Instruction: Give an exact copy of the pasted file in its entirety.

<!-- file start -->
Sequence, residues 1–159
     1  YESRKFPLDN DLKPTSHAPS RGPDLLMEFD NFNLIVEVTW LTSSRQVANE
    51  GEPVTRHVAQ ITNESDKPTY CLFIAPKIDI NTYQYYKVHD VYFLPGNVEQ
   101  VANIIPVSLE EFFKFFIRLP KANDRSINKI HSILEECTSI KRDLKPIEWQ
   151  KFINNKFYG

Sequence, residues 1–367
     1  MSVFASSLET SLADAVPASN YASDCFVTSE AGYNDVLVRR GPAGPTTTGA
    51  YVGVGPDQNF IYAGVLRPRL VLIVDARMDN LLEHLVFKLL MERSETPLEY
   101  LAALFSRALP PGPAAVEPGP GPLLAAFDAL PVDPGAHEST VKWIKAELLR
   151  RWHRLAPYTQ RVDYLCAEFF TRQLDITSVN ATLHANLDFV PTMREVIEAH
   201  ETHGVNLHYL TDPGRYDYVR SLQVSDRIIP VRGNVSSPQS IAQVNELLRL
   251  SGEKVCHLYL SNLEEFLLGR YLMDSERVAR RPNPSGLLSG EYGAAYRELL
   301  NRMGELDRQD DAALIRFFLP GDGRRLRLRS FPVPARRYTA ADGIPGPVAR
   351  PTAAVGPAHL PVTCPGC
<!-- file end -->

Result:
Sequence, residues 1–159
     1  YESRKFPLDN DLKPTSHAPS RGPDLLMEFD NFNLIVEVTW LTSSRQVANE
    51  GEPVTRHVAQ ITNESDKPTY CLFIAPKIDI NTYQYYKVHD VYFLPGNVEQ
   101  VANIIPVSLE EFFKFFIRLP KANDRSINKI HSILEECTSI KRDLKPIEWQ
   151  KFINNKFYG

Sequence, residues 1–367
     1  MSVFASSLET SLADAVPASN YASDCFVTSE AGYNDVLVRR GPAGPTTTGA
    51  YVGVGPDQNF IYAGVLRPRL VLIVDARMDN LLEHLVFKLL MERSETPLEY
   101  LAALFSRALP PGPAAVEPGP GPLLAAFDAL PVDPGAHEST VKWIKAELLR
   151  RWHRLAPYTQ RVDYLCAEFF TRQLDITSVN ATLHANLDFV PTMREVIEAH
   201  ETHGVNLHYL TDPGRYDYVR SLQVSDRIIP VRGNVSSPQS IAQVNELLRL
   251  SGEKVCHLYL SNLEEFLLGR YLMDSERVAR RPNPSGLLSG EYGAAYRELL
   301  NRMGELDRQD DAALIRFFLP GDGRRLRLRS FPVPARRYTA ADGIPGPVAR
   351  PTAAVGPAHL PVTCPGC